7. TRAINING: Are basic modules on quantum technologies (quantum physics, and an update on the current state of development in quantum technologies) included in your training programmes for every recruit? Let me emphasise that that includes not only everyone working, and expected to work, *in* IT, but also everyone working, and expected to work, *outside* IT.

8. BUSINESS PROCESSES: Though some companies have indeed worked out the security-related implications of quantum technologies for each business process, I am concerned that very few seem to have done thought through the implications for each business process itself. The least your company can do is some scenario-planning in the light of developments in quantum technologies, given that it will probably take your company at least 3-5 years to implement changes in key business processes.

9. GOVERNANCE: There is huge discussion about relatively unimportant things like diversity in Boards, when essential developments such as AI and quantum technologies are being ignored. Adequate attention at Board level means asking at least the following:

9a. Do Board members have regular briefings (at least once a year) on latest developments in what I call “horizon technologies”? These include quantum technology and AI, though of course companies in different fields need to keep other specific business-portfolio-relevant “horizon technologies” on their radar.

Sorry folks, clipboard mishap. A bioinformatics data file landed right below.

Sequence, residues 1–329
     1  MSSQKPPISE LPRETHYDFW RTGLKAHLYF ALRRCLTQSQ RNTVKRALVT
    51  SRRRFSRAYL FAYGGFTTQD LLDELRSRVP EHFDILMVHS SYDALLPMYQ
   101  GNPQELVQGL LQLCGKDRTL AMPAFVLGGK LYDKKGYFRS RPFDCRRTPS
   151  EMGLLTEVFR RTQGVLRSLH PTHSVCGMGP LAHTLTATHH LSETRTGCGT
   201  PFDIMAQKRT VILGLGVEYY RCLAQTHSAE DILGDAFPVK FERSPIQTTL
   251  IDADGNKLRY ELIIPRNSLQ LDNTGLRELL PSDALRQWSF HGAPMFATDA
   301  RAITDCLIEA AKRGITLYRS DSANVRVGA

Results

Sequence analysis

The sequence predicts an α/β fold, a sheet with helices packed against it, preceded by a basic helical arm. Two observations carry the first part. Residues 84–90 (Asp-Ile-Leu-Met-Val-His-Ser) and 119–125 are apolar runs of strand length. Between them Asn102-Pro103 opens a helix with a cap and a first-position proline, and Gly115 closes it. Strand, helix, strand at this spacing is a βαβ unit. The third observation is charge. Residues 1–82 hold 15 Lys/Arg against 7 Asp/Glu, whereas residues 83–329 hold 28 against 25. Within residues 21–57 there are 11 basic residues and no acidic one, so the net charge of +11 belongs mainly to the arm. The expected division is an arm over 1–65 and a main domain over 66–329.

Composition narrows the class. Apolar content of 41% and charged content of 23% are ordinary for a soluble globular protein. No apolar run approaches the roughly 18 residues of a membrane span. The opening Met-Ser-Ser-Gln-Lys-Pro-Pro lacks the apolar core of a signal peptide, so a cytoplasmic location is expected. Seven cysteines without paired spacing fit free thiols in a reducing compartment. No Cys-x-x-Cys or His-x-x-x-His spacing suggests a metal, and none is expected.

9b. Has the Board created a mechanism for ensuring that there is an up to date dashboard of the portfolio of technologies in the company which are fully-integrated, those which are partially-integrated, those which are experimentally-integrated, those which are being evaluated for integration, and those which are being watched on the horizon? Is the key person responsible for each of these named, with at least 3 successors in line for each? Are the budgets for each of these adequate?

9c. How does the Board currently benchmark against key competitors the company’s level as revealed by the dashboard?

9d. Is the dashboard regularly vetted (at least every 6 months) by a qualified external board of experts?

9e. Is “technology-competence” adequately defined for members of the Board, members of the top Executive Committee, other senior executives, mid-level executives, and tech professionals? Are these definitions regularly vetted (at least every 6 months) by a qualified external board of experts? Are Board members and other members of the company regularly assessed in relation to the definitions of competence required at those levels? Are proper incentives in place to encourage company executives to keep up with the increasing levels of competence required? Are appropriate training and development opportunities in place?

I’ve probably missed at least one or two things in my summary and overview above.

Happy to have corrections/ amendments/ additions/ caveats/ questions. Best via an email to me: